Patients on bed rest should be encouraged to move themselves if they can; this is vital for preventing some of the negative impacts of prolonged inactivity, such as blood clots and muscle wasting. However, in some cases you’ll need to assist them.
It’s easier to move a person with two carers, but it’s generally quite possible to do it alone, if you know how to manage it safely.
Turning a patient in bed:
It’s very important that a person confined to bed changes position regularly – preferably every couple of hours. Again, get the person to help with moving themselves as much as possible.
Follow these steps:
• Stand on the side of the bed towards which the patient will be rotated.
• Lift the leg furthest from you and lay it across the other.
• Position the arm nearest you out to the side so the patient won’t end up lying on it once they’ve been turned.
• Put one hand on the patient’s shoulder and the other on the patient’s hip, and gently roll them towards you.
If necessary, you can use pillows or cushions against the patient’s back to help keep them in position and enhance comfort.
This procedure is also the starting position when getting the patient up out of bed.
Moving from the bed to a chair/ wheelchair, or into a standing position for walking:
• Place the chair beside the head of bed. If you’re using a wheelchair, lock the wheels and lift the foot rests out of the way.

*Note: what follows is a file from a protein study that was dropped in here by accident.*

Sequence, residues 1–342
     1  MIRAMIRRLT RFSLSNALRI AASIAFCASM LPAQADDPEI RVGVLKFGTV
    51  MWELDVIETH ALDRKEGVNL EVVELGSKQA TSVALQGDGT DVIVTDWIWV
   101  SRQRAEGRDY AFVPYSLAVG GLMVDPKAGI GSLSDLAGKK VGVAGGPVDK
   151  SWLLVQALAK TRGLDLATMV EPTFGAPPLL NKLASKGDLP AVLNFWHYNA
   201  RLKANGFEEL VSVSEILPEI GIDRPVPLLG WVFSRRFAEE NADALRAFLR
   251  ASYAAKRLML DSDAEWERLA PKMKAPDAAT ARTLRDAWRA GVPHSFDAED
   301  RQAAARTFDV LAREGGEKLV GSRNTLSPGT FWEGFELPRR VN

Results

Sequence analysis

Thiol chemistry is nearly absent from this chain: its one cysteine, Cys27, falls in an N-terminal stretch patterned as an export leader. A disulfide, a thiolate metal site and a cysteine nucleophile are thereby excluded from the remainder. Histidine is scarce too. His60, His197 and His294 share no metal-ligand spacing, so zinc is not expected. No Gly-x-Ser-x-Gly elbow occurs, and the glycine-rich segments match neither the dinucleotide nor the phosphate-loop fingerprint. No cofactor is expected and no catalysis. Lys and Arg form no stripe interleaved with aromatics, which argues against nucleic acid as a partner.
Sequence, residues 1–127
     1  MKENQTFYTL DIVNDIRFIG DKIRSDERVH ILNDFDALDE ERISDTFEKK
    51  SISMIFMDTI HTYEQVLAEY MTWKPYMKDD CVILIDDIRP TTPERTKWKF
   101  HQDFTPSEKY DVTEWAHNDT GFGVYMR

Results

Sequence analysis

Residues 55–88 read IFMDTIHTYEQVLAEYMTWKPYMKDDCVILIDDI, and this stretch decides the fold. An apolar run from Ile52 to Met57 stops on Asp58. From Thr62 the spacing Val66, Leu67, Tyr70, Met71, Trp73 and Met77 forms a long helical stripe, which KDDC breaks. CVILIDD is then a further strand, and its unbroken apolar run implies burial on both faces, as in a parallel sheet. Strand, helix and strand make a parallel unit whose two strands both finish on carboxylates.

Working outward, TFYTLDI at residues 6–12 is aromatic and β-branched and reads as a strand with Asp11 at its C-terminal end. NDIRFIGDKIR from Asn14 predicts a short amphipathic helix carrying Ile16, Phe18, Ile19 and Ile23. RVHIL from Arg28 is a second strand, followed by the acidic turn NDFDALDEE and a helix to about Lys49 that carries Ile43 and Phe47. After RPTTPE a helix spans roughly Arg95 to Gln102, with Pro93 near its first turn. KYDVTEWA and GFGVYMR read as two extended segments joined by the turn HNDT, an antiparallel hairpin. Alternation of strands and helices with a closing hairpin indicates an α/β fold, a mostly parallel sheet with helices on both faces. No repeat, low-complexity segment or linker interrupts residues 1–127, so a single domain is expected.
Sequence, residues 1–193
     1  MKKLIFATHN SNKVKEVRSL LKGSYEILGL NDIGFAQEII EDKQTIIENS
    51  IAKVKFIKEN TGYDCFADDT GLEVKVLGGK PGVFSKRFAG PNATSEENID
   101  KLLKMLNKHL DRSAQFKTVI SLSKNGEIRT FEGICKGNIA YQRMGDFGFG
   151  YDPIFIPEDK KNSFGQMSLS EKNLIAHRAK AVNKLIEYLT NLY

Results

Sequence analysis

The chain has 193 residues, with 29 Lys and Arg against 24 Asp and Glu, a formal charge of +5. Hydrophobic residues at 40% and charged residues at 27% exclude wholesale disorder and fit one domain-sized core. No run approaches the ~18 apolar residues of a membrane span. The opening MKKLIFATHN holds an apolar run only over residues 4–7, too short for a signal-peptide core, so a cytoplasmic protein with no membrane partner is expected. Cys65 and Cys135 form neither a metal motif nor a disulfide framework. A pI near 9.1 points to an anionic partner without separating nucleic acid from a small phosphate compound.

• Roll the patient onto their side, so that they’re facing you at the bedside. You can use the method described above (for turning the patient in bed).
• Ask them to bend their legs at the knee and prop themselves up on the elbow closest to the bed, if they can. You may need to gently pull them towards you and the edge of the bed, placing your one hand behind their knees and the other on their back.
• Steady the person’s pelvis, and help them sit up and swing their legs to the floor. Sit the person on the edge of the bed with their feet flat on the floor.
• Stand in front of the sitting person and place their hands on your shoulders. Hold the person under their arms. Brace your knees against their knees.
• On the count of three, pull the person up into a standing position.
• From a standing position, you can walk with the person. Or, you can rotate them until they have their back to the chair or wheelchair. Gently lower them into it